The risks of lowering the guard

By Sajeev K Peter

It seems complacency has taken over most of us in Kuwait these days. Have we overcome the fear of coronavirus? Has the caution we exercised in the initial months of the outbreak of the pandemic given way to a ‘come what may’ attitude? Are we dropping the guard? One may begin to think on these lines if you look around public places in Kuwait where people frequent these days; streets, malls and restaurants.

You may see people moving around without facemasks and some of those who wear masks would invariably hang them around their neck and chin as if it were a kind of ritual. Wearing a face mask in public spaces has been mandatory in Kuwait ever since the government reported the first cases of coronavirus in February this year.

Avoiding virus infection while using a public transport system in Kuwait has become a challenge these days. While travelling, many people appear to have grown careless and have begun to ignore the mandatory warning of wearing a facemask. Even hand sanitizer bottles have vanished from many public transport buses now. Oblivious of passengers who sit in front and back seats, some commuters would sneeze and cough, releasing potentially infectious respiratory droplets into the air.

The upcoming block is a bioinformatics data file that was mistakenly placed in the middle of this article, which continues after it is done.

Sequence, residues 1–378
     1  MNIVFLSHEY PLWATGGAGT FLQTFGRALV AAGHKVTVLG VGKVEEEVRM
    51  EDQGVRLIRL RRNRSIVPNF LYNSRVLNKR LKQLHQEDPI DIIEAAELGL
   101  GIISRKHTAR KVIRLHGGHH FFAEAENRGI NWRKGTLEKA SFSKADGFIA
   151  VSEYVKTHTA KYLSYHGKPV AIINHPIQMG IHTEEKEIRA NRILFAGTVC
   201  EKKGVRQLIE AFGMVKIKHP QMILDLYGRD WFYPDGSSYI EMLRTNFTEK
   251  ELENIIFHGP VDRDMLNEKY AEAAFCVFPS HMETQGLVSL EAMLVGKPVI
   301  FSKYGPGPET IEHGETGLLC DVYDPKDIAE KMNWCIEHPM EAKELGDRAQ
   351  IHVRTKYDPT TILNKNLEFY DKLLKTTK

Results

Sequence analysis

People have begun to show signs of reluctance to maintain social distancing with families gradually returning to some of the activities they stopped when the pandemic broke out. It is not advisable to become complacent while living with the threat of COVID-19, especially when the entire world is grappling with a second wave of coronavirus. In Kuwait, we thought that the COVID-19 had peaked and the curve had begun to flatten. But the recent spurt in cases suggests that while we may be approaching the peak, we have not reached there yet.

Non-compliance of health regulations has reached a tipping point prompting the government to consider an amendment to the law to impose instant fines for people not wearing facemasks and not abiding by health guidelines. It is true that we need to live with the virus and adapt to the new normal even as we await the vaccine. But, with the virus still spreading and remaining potentially dangerous, it is essential for us to continue physical distancing along with other safety measures. Because the risks of lowering the guard at this juncture may be very high and fatal.

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